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Q Centre expands programming

By Scott Strasser, September 18 2014 —

The Students’ Union Centre for Sexual and Gender Diversity, better known as the Q Centre, has moved across the hall to their new space in the former Conference and Events office.

At more than 1,000 square feet, the new office is roughly eight times larger than their previous location.

“We were so cramped in the old space,” Q Centre co-coordinator Leah Schmidt said. “We were full all the time, always running out of seating. We used to make a lot of ‘in the closet’ jokes, because [our old room] was literally a closet before we went in there.”

Q Centre co-coordinator Katie O’Brien said the new location has attracted a number of new visitors.

“It’s easier for people to come into a space with open glass windows and a rainbow flag rather than having to open a dungeon door,” O’Brien said.

The Q Centre has several outreach programs and educational resources to teach students about sexual and gender identity.

Their most popular resource, the Outlet Project, is an email service where students who wish to remain anonymous can seek one-on-one peer support from a Q Centre volunteer.

“Every Q volunteer is trained to be a peer supporter. Peer supporters are not counsellor. We’re not qualified to diagnose or make referrals, but we’re trained on how to listen and ask questions,” Schmidt said. “If someone comes in with issues on coming out, or if they have questions, our volunteers are trained to help them.”

Questions and Queries is a discussion group focusing on sexual identity. Last year, topics included bisexuality, pansexuality and trans-identities. Schmidt said the high attendance and popularity of the discussion group means it will expand this year to two discussions per semester, rather than one.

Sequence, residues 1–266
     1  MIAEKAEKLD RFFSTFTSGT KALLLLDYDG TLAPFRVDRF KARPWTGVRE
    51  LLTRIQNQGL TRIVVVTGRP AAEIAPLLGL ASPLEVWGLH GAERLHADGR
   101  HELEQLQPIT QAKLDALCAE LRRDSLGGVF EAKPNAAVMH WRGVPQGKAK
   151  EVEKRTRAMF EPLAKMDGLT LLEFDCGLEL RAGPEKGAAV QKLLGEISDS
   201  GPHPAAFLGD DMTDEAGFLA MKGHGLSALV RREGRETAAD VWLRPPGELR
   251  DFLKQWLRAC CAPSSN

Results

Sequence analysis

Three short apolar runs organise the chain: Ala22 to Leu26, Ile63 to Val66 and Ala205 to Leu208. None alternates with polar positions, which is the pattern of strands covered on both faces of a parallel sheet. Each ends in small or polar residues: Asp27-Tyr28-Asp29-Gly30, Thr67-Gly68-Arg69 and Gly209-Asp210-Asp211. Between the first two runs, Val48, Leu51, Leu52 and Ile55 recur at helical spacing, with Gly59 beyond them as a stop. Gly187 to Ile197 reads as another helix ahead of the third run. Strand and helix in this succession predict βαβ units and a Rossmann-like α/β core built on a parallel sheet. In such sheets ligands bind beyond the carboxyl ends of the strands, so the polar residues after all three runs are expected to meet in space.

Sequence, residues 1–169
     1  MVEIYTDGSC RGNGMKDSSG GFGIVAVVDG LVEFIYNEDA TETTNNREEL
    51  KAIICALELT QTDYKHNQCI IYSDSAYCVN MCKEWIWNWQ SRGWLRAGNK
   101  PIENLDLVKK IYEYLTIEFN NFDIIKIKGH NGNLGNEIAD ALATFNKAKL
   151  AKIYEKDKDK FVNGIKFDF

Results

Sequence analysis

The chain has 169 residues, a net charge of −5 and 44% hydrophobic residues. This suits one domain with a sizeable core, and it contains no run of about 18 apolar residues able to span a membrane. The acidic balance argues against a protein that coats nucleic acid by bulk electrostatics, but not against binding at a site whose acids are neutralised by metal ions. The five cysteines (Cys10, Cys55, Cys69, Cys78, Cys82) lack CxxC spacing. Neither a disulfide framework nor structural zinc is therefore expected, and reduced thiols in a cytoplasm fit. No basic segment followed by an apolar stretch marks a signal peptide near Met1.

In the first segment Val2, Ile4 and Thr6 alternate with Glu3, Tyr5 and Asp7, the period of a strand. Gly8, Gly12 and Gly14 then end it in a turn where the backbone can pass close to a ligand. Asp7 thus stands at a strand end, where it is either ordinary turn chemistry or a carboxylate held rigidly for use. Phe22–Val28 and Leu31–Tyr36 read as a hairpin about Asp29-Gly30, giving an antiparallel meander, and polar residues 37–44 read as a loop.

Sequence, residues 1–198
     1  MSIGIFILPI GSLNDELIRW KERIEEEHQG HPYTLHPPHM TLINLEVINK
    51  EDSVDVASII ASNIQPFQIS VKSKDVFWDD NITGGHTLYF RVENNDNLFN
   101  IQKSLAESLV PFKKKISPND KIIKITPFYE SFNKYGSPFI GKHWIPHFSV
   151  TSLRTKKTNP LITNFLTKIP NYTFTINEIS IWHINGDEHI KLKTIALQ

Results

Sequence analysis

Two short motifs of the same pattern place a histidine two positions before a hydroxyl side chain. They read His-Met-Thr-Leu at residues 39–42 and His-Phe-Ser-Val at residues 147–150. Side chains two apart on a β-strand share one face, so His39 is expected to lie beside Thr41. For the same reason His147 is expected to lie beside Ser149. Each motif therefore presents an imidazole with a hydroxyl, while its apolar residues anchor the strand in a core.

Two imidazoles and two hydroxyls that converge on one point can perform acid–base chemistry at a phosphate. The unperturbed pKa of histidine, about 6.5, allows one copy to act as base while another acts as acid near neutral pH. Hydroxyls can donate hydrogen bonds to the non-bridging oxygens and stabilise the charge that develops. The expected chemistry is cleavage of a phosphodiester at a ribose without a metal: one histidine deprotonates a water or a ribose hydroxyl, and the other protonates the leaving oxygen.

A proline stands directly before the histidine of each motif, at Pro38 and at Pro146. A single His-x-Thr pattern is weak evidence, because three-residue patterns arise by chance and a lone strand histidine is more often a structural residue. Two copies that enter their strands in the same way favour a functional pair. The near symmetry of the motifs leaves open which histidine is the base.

Other Q Centre programs include the Q-rious Readers book club and the Out and About with Q speakers series. The centre is also involved in the University of Calgary’s annual Sex Week.

Schmidt said approximately 30 students use the Q Centre every day. The Centre employs 30 to 40 volunteers per year.

Prior to the move this August, the Q Centre spent four years in the 140 square foot office in MacHall. Schmidt says the larger space will have fewer barriers for creating a safe atmosphere for visitors.

“We can divide up the new space. If we want to have a meeting about an event, we can still have a socializing area. People can find their niche within the new space more than they could in the old one,” Schmidt said.

The Q Centre was founded during November 2010’s MacHall renovations.
Students’ Union vice-president student life Jonah Ardiel attended the grand opening of the new space on August 27. He said the Q Centre is a leading figure in the LGBTQA community among Canadian campuses.

“Our campus Q Centre is a post-secondary leader across the nation, in the sense that other institutions across the country look to it as a Q Centre to emulate,” Ardiel said. “It’s a note of pride.”

The U of C is not the only post-secondary campus in Calgary with a centre devoted to sexuality and gender-identity. Mount Royal University has a Pride Centre, while SAIT has a Queer Ally Student Assembly.

“I think it’s very important, especially on a university campus, to talk about issues of gender and sexuality because there aren’t the barriers of social convention that you get outside the university environment,” Schmidt said. “When you talk openly about these issues you clarify the misconceptions. The more informed students are the fewer issues we’ll have and the better people will be represented.”

The move was funded with a Quality Money grant that moved the Conference and Events’ office to the old Women’s Resource Centre.

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